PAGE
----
How to invest with a clean conscience

As green issues have moved into the spotlight, the amount invested in ethical funds has also shown a huge increase. But do you have to sacrifice performance for principles?

If the squabble between David Cameron and Gordon Brown over who can raise green taxes the highest is anything to go by, green issues look set to influence the political landscape for some time to come. But as a survey last week from Co-operative Financial Services showed, green issues are increasingly important in the investment world too. According to Co-operative Financial Services, 67% of those planning to use their Isa allowance this year said they would consider investing in a scheme with benefits for the environment. The amount invested in ethical funds' is now £6.5bn, a fivefold increase on the same figure in 1997, according to London-based Ethical Investment Research Services (see But what exactly is an "ethical fund" and do you have to sacrifice performance for principles?

What are ethical funds?

Ethical funds are just like normal funds the difference is that they follow certain guidelines about which firms they will and will not invest in. But just as we all have different ethical boundaries, so too do the funds. The first and oldest type are known as dark green funds'. They take what is called a negative approach to investing, deliberately excluding certain industries or sectors. Unsurprisingly, those firms avoided tend to be ones that make most of their money from the tobacco, gambling, pornography or arms manufacturing industries, and also those firms with significant dealings in countries with poor human rights records, for example which often rules out mining and oil companies.

Light green' funds take a positive approach, investing in firms that are actively helping the environment, such as windfarms, solar power or waste management. A more common approach among a newer batch of funds is to engage' with companies, pressurising and lobbying them to make positive changes. The more cynical might be tempted to dismiss this approach as being a product of more mainstream fund managers who know an investment bandwagon when they see one: it means they can invest in essentially the same stocks they've always invested in, as long as they make some effort to suggest they're lobbying the firm to change. In any case, finding a fund to suit your specific requirements shouldn't be too difficult several websites, such as the Ethical Investors Group ( provide comprehensive databases of funds that you can sort by various criteria, including animal welfare and environmental concerns. So much for the ethics, what about performance?

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Do ethical funds work?

Some argue that ethical funds run the risk of making investing an afterthought the business of finding good-value companies takes second place to buying firms that are cutting carbon emissions, for example. Ben Yearsley of IFA Hargreaves Lansdown tells Bloomberg, "You are leaving out parts of the market that might provide the best returns. The more ethical you are, the more you'll lose out." But although ethical funds are clearly missing out on big profits in sectors such as oil and tobacco, there's no evidence that they underperform their non-ethical peers by a significant amount. In fact, over the past three years, the average ethical fund has returned 63.6%, while non-ethicals have returned 59.8%, says Patrick Connolly of J&P Towry Law in The Daily Telegraph.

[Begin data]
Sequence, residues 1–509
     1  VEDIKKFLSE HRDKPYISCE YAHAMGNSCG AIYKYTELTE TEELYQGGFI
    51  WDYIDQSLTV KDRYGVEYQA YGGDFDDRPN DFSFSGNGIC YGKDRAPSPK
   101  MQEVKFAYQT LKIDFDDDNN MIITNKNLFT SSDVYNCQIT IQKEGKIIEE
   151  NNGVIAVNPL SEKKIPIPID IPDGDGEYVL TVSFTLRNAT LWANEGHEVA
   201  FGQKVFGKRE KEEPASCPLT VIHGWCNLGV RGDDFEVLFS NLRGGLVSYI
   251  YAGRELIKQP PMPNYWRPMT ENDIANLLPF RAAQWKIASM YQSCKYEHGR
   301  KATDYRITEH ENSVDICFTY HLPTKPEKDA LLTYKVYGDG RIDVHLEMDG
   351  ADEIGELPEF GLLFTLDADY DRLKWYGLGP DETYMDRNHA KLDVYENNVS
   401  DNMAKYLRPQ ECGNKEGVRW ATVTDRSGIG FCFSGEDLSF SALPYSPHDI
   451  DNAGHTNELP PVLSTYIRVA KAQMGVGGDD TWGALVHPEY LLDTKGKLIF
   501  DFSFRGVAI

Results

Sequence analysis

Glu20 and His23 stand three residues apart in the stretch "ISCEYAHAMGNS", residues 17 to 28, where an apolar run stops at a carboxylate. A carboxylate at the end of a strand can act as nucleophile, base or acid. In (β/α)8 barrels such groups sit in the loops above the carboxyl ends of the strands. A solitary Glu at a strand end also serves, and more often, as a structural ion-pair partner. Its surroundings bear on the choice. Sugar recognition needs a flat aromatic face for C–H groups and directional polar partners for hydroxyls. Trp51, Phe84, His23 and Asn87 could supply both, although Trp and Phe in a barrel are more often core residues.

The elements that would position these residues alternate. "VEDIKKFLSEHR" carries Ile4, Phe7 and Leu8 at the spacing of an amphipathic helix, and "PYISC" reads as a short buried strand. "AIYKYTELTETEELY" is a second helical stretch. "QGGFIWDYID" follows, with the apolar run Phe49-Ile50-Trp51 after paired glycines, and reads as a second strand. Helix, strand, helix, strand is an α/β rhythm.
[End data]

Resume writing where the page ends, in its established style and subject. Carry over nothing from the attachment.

Of the 324 trusts in the UK All Companies sector, the best-performing fund is an ethical one, the CIS Sustainable Leaders Trust. It gained 26% in the 12 months to 5 March, compared with 8.7% for the FTSE All-Share Index, according to Standard & Poor's. A core element of the trust is "companies that can offer products or services that help others improve their environmental performance", says manager Mike Fox in The Guardian. The group is "seeing increasing levels of demand". Holdings include Spice, which advises firms on how to cut carbon emissions and energy usage, and Enterprise, which fixes leaking pipes at water works.

How to pick an ethical fund

Experienced investors could, of course, use a self-select Isa and make their own green stock choices those with the money to spare can even pay to have their portfolio vetted for suitability by Eiris if they wish. Otherwise, a good method of finding your way through the ethical maze is to look at a fund's top ten holdings. "If you disapprove of the selections, don't invest", says Peter Temple in The Daily Reckoning.

Ian Wishart, director at Edinburgh-based Hurley Financial Services, tells The Scotsman he likes F&C's Stewardship Income fund. It focuses mainly on UK mid-cap and small cap stocks and is up 20.2% over the past year and 94.3% over five years. IFA Julian Parrott of Ethical Futures Parrott tells The Herald that he likes Jupiter Ecology and Aegon UK Ethical, both of which "are dark green' strongly researched, responding to positive criteria, and with a consistent track record".

Of course, you could always take Bill Gates's approach. The world's richest man, and arguably the most generous the $35bn Bill & Melinda Gates Foundation finances philanthropic grants of more than $1.5bn a year isn't a great believer in ethical investing. In a recent FT piece, one member of the foundation said that "it did not want to be distracted by devoting time to the issues" involved in extensive stock screening. So perhaps the best idea is to focus on ensuring that your investments make money, first and foremost you can then spend your profits as ethically as you see fit.